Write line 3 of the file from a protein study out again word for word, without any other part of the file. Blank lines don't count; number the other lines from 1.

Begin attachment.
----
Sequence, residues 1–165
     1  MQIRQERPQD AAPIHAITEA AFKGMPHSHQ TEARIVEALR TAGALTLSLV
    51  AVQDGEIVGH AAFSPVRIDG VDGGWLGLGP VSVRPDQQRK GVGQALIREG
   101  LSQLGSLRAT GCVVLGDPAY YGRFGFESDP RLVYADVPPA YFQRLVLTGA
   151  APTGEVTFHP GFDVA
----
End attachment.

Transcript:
    51  AVQDGEIVGH AAFSPVRIDG VDGGWLGLGP VSVRPDQQRK GVGQALIREG